The film covers the conflict between a father and his son both being musicians. The father is the leader of a band making rock-music from the 60s but his son becomes a star of techno-pop ... See full summary »
Style and substance, seldom compatible elements across categories of creative expression, are at odds within this Australian production where strong exploration of the former by director Frank Howson clearly wins out over his own shallowly constructed screenplay. When first seen, Michelle Harris (Kerry Armstrong), executive secretary to the managing director of a large stock brokerage firm in Melbourne, is ostensibly happily married, but her jobless husband's low level of self-esteem causes her to lose interest in their physical relationship, simultaneously increasing her vulnerability to her employer's most influential client, American Michael Bergman (John Savage), with whom she begins an affair. Larry (Jeffrey Thomas), her spouse, not oblivious to a personality change in his love bewitched wife, takes what he perceives as needed steps to shield Michelle from Bergman, but following Larry's dubitable suicide, she becomes the financier's mistress although as she lives with him it becomes apparent to her that her lover is clearly not what he originally appeared to be. Ruthlessness to rivals in his business dealings is a trademark of Bergman who additionally uses blackmailing methods to corral potential foes and politicians, yet an even more significant lesson to be learned by Michelle is that seduction of women is a sport for Bergman, and since she has forsaken all that she formerly valued in order to follow him, she seeks for a way to escape what has become a snare. Visually there are few dull moments in this film, for even when a highly predictable script dictates the action, baroque compositions chosen by Howson provide more than enough creative camera and lighting imagery to offset what is essentially a trite, often uncomfortably so, tale of a scorned woman seeking revenge. The twitchy Savage offers a typically mannered performance while Armstrong's strongest moments are when her character is startled, which is frequently, Thomas winning acting honours here as a cuckold who defies his fate; versatile Howson composes several songs for the production ( sung by Guy Pearce, cast as a Bergman henchman) and notice shall be given to the sets, ably designed by Jan Dowding and Bernadette Wynack, and to top-flight work from costumer Aphrodite Kondos, for a film wherein visuals and scoring happily triumph over the scenario.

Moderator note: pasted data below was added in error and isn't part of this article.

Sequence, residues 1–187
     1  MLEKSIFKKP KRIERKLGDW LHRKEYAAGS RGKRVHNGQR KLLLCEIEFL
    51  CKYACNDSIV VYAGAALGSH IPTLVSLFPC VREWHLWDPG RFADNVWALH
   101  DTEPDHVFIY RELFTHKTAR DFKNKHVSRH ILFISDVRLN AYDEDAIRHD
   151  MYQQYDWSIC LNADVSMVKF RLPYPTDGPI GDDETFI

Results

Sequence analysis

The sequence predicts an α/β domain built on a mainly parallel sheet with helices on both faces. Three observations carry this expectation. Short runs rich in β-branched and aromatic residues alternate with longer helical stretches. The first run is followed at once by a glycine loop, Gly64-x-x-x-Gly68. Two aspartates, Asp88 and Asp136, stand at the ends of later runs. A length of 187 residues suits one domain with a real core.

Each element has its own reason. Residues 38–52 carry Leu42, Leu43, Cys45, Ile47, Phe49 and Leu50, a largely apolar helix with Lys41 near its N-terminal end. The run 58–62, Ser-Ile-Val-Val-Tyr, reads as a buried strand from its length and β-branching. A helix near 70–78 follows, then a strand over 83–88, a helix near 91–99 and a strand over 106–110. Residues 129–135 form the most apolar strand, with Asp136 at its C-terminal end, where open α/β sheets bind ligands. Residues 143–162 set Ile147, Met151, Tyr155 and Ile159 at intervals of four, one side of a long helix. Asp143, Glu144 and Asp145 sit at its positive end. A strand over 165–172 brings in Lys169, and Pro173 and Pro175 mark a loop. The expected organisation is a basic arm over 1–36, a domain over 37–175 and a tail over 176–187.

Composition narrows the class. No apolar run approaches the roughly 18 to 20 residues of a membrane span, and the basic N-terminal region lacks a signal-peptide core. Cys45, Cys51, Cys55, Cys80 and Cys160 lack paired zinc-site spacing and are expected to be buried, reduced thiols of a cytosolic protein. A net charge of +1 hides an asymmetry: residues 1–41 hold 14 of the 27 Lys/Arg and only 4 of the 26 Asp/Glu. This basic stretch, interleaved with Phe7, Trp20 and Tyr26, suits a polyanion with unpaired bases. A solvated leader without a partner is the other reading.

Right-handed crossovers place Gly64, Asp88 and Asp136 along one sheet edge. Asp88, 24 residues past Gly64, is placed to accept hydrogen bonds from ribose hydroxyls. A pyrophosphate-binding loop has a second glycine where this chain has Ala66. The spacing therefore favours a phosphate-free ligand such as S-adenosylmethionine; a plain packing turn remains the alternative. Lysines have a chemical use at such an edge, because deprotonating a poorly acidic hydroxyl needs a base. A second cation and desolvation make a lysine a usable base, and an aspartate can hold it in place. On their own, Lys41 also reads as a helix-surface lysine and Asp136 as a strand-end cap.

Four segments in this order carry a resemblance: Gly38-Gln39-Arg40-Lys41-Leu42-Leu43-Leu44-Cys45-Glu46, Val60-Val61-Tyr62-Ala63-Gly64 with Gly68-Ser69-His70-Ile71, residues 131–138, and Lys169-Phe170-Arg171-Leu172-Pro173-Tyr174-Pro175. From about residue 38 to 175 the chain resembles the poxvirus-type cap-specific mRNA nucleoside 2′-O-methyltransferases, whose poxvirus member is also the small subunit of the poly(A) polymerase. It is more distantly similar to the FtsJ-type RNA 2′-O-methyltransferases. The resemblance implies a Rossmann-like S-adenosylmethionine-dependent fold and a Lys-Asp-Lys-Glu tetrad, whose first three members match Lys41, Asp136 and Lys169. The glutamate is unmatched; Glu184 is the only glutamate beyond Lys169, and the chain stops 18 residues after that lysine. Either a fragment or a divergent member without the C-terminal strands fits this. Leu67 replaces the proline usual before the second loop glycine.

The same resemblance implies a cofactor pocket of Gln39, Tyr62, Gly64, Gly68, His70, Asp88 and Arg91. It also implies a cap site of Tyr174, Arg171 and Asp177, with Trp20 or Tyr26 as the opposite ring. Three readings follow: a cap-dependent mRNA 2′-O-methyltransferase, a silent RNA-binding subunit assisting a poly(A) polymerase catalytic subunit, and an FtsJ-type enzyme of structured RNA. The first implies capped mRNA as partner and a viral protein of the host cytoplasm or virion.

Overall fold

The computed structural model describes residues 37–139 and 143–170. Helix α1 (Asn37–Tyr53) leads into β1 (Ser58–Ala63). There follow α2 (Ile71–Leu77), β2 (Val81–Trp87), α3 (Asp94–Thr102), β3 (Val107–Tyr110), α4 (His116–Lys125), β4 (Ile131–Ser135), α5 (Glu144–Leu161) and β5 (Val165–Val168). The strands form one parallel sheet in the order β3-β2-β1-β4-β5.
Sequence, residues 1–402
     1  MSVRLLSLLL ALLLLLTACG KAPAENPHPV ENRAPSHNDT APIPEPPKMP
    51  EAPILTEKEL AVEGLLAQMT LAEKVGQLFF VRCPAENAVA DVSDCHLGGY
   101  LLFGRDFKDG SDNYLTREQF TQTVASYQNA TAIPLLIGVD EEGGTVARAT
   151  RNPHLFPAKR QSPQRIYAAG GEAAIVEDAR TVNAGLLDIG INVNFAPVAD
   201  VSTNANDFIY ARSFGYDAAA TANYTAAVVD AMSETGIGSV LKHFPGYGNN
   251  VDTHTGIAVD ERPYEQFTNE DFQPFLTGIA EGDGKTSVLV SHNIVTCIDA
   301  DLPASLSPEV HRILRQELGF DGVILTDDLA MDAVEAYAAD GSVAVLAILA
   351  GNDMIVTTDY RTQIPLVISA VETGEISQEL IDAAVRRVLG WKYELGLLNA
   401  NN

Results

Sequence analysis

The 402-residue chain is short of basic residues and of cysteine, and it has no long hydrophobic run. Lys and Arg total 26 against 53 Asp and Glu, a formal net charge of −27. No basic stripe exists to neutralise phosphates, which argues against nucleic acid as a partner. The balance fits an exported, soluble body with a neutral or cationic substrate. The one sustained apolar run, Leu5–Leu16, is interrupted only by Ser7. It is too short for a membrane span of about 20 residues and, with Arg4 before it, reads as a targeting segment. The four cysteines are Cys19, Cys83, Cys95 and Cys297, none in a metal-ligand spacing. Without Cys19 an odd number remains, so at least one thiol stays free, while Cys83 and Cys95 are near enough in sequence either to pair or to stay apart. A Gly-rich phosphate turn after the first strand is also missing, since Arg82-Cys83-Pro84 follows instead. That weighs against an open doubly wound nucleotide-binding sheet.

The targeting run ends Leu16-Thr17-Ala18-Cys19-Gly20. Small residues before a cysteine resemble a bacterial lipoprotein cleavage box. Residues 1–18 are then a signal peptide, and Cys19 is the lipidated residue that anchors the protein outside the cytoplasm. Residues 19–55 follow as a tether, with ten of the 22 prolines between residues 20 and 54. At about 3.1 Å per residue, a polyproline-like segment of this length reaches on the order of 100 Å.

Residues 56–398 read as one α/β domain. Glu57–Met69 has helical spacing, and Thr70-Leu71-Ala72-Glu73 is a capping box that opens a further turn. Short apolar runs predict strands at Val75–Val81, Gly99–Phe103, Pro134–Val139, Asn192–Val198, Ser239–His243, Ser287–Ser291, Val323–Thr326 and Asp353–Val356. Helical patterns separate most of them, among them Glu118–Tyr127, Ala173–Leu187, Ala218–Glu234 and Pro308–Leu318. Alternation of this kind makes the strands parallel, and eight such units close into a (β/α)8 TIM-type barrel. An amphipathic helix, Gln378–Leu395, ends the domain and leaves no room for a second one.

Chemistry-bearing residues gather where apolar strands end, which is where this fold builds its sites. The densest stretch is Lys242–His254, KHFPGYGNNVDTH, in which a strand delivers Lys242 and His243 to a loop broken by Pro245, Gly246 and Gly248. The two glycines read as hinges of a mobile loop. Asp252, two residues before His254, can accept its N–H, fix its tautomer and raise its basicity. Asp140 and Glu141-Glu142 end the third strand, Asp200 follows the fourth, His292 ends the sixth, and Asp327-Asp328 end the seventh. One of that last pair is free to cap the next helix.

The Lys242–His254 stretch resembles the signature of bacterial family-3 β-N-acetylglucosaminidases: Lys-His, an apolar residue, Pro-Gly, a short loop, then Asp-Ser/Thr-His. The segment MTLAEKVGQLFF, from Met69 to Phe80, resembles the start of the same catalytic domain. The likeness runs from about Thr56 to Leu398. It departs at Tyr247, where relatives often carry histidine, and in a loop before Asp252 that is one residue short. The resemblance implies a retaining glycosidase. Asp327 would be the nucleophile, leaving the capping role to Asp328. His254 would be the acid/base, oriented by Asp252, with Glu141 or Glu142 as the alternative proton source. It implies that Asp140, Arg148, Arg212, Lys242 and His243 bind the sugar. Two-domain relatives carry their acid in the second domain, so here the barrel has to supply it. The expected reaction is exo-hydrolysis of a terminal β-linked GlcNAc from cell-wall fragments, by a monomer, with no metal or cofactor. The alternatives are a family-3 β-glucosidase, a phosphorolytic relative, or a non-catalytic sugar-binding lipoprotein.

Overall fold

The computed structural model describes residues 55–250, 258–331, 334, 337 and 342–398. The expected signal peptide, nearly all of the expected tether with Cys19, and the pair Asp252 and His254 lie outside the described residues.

4 of 6 people found this review helpful.
Was this review helpful to you?
| Report this